A planet, WASP-12 b, a gas giant originally spotted in 2008,is roughly 1.4 times the size of Jupiter and is being consumed by its own star behind a shroud thanks to a magnesium veil absorbing all of certain light wavelengths, according to new observations by the Hubble Space Telescope (HST). The distance between the star and planet is so small that the planet completes an orbit of its star in just over one Earth day. This proximity has "boiled off" a superheated gas cloud roughly three times the radius of Jupiter which feeds the star. However, some of this gas is moving out towards interstellar space, creating a shroud around the star.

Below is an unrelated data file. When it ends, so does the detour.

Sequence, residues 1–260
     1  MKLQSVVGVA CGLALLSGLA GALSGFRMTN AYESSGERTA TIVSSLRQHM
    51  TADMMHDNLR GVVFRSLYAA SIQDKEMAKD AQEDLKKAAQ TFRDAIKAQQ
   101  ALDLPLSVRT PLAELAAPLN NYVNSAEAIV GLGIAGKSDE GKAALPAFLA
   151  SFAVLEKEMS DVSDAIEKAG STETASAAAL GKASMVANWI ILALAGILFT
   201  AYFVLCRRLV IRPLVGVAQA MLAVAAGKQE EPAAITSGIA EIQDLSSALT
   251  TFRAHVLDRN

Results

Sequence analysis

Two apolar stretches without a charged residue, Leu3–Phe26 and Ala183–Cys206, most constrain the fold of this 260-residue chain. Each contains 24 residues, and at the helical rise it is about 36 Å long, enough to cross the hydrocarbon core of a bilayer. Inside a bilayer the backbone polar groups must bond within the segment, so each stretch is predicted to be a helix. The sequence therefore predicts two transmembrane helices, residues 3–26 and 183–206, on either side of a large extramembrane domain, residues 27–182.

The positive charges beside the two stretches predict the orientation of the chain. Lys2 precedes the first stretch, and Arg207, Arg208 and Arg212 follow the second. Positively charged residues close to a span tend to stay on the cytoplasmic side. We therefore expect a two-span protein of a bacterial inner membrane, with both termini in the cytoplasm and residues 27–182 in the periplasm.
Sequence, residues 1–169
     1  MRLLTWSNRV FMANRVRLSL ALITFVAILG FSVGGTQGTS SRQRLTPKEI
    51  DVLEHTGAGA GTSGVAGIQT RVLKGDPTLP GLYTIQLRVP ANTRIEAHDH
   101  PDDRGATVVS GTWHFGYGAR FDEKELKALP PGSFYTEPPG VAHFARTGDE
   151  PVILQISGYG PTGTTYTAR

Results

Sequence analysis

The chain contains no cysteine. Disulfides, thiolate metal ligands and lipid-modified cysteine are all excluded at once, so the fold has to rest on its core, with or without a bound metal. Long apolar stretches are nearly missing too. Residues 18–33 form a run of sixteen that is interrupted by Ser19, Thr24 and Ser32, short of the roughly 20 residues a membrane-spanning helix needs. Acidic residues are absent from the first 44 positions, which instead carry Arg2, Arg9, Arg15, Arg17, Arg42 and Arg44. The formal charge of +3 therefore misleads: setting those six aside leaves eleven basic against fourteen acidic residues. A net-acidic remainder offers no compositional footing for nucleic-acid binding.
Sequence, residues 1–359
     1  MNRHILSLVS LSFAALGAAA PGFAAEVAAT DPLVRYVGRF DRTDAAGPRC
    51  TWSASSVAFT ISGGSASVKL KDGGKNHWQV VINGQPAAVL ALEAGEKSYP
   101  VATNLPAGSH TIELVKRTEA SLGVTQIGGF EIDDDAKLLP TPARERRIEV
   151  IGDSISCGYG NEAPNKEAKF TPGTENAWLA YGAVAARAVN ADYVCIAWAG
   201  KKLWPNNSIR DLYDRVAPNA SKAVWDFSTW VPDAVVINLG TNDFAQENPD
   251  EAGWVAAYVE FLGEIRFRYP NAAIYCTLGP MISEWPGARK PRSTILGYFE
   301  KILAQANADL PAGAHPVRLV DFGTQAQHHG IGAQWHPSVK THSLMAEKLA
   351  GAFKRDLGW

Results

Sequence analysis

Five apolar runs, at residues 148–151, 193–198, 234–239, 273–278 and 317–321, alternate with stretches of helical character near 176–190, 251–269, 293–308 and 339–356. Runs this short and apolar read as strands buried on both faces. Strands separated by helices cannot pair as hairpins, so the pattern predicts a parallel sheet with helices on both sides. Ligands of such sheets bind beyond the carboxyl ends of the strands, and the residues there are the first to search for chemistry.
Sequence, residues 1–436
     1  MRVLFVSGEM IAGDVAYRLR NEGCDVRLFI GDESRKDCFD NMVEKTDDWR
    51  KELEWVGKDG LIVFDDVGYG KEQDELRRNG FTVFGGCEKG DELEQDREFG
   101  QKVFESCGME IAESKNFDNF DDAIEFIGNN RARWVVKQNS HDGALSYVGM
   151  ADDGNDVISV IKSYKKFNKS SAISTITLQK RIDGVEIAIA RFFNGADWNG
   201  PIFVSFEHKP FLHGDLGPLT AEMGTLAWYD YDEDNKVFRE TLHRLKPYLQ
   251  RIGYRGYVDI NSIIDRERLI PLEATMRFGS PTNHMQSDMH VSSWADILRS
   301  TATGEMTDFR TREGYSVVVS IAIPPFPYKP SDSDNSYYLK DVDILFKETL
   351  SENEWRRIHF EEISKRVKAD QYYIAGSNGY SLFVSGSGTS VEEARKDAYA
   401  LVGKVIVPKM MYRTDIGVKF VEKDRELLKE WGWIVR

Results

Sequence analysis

The study was made by researchers from the UK's Wide Angle Search for Planets (WASP) consortium, who originally found the planet in 2008, as well experts on the Cosmic Origins Spectrograph aboard the HST, stellar activity, and interstellar absorption from the Center for Astrophysics and Space Astronomy at the University of Colorado.
Senior Lecturer in Astronomy at The Open University Dr Carole Haswell, who led the study, said that a structure like this had never before been observed around a star, adding: "It's as though a veil has been drawn over the planet's demise."
The Daily Galaxy via The Open University